adult moth is bronze-brown, with dark-brown to black flecks on the forewings.
The male and female average 8.5 and 14.5 mm in length, respectively. The
full-grown larva is white, with a tan head, and is about 6 mm long. The
brown house moth feeds on animal and vegetable matter in many countries
around the world. The larval stage feeds principally upon upholstery,
carpets, furs, skins, dried specimens of animals, in birds' nests, dried
plants, dried fruits, and sometimes on books. In some instances this moth
has been found damaging leather bindings. The brown house moth is more
destructive than the common clothes moth. Its faeces are oblong and larger
than those of the common clothes moth. The two pictures below show a tennis
ball and some knitting, showing how much damage they can do..!
life history of this moth is extremely variable, primarily due to variations
in temperature. Under favourable conditions, the female can lay 500-600
eggs. The incubation period varies from 8 to 110 days; the larval stage
from 71 to 145 days. The larva may enter a desiccation-resistant stage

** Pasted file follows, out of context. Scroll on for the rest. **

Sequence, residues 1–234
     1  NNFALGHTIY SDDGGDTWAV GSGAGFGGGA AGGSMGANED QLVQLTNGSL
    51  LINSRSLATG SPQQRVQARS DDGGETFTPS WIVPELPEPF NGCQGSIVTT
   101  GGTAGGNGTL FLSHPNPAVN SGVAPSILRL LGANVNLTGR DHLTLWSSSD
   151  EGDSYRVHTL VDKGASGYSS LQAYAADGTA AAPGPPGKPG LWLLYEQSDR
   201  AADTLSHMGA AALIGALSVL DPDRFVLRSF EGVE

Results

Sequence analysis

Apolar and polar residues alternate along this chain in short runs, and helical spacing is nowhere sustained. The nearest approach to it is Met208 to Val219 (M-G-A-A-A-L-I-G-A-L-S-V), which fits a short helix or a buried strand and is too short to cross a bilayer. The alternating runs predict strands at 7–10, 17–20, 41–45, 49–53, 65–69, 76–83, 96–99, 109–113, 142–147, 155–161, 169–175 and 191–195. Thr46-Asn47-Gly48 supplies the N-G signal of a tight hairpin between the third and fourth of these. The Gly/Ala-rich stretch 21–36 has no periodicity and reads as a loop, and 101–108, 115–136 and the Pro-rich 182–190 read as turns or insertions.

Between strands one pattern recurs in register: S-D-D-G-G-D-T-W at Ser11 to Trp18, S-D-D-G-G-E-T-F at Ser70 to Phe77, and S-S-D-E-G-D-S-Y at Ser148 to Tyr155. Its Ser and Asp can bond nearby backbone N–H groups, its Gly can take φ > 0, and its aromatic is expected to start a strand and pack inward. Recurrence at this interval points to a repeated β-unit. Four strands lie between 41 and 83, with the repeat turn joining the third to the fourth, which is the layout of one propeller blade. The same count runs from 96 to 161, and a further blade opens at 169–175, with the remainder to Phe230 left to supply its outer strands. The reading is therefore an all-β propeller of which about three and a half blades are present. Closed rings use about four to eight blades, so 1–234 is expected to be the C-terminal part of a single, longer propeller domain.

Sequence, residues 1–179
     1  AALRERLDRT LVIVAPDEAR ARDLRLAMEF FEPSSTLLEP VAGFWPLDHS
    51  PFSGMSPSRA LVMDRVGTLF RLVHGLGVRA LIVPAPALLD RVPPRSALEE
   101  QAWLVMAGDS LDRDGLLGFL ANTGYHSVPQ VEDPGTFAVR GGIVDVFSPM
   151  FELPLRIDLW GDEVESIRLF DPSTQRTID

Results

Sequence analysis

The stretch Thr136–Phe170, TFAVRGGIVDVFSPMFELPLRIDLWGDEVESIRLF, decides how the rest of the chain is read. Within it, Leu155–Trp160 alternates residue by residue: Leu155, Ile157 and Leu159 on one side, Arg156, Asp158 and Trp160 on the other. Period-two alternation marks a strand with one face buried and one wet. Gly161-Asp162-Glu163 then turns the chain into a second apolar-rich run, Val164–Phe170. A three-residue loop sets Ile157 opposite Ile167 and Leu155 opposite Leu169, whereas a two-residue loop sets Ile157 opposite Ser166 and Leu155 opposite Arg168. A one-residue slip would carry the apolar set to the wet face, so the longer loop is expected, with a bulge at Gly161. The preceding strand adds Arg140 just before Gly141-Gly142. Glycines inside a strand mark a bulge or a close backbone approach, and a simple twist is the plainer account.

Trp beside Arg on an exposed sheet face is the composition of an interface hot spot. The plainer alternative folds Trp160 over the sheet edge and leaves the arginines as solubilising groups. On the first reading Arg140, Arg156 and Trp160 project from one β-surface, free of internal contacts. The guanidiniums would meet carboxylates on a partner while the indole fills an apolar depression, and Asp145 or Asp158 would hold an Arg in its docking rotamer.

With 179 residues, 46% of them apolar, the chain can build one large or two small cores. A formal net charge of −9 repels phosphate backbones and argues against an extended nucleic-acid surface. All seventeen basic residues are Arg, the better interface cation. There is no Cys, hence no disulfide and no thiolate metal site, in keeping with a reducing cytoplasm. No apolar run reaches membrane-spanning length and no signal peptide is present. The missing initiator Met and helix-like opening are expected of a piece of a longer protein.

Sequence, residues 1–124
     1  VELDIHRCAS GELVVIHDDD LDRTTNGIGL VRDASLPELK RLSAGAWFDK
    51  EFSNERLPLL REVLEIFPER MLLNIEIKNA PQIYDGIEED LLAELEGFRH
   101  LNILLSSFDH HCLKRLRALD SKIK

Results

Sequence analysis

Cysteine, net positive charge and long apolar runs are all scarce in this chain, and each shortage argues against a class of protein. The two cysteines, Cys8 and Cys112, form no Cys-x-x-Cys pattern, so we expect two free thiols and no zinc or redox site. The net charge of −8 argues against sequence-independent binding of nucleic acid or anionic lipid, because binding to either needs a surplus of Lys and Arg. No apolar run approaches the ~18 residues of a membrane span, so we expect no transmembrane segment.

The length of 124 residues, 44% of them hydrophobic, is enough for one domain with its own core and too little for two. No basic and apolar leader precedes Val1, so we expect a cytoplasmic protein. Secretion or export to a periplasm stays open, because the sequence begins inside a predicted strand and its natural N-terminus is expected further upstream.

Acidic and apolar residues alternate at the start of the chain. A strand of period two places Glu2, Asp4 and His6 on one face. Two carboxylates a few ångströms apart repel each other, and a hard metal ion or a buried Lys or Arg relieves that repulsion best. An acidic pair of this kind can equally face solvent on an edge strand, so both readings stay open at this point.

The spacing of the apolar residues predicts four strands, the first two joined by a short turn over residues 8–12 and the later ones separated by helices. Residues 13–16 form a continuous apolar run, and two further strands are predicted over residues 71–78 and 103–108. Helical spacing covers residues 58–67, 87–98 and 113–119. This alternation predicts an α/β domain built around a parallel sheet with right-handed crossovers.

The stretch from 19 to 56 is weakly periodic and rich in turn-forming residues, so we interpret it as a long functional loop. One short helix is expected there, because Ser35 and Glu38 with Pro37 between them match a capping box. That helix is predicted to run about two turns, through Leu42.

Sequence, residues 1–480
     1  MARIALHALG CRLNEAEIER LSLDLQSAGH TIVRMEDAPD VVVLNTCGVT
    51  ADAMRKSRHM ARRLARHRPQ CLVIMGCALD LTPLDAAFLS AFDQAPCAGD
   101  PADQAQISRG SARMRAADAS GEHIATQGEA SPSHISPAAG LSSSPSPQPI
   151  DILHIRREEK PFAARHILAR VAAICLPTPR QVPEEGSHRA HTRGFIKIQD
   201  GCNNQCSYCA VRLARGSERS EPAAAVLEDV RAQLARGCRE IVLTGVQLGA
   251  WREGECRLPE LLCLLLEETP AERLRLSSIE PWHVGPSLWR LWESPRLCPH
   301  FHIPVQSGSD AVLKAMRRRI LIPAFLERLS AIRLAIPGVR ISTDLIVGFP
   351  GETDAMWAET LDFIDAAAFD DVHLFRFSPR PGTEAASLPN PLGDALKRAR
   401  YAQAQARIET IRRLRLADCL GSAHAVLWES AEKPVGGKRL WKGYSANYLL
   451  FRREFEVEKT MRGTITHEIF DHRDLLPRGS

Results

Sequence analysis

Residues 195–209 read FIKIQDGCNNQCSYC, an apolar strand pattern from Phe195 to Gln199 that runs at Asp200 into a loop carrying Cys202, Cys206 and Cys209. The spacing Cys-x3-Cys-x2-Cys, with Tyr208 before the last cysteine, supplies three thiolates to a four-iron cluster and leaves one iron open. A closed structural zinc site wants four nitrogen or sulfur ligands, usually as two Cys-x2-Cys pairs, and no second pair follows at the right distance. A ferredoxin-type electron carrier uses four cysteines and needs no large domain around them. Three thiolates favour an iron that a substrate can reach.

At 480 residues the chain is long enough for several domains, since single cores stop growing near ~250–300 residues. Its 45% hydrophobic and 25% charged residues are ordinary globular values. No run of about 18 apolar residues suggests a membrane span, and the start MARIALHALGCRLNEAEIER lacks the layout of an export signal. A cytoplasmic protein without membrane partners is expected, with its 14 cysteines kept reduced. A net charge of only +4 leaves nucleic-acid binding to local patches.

prior to pupation (diapause), which may last for months. The complete
life cycle in the field usually takes from 11 to 13 months. The larvae
are very sensitive to desiccation and if the humidity is constantly below
80% they cannot complete their development.
warehouses in Britain, it is usually an omnivorous scavenger in spilled
cereals and flour, but sometimes attacks bulk wheat, bagged flour, and
other commodities, and is also found in homes. This moth is believed to
owe its persistent survival to its omnivorous habits, its high reproductive
capacity, and the resistance to adverse conditions of all stages except
the growing larvae, which thrive only in high humidity as we said above.
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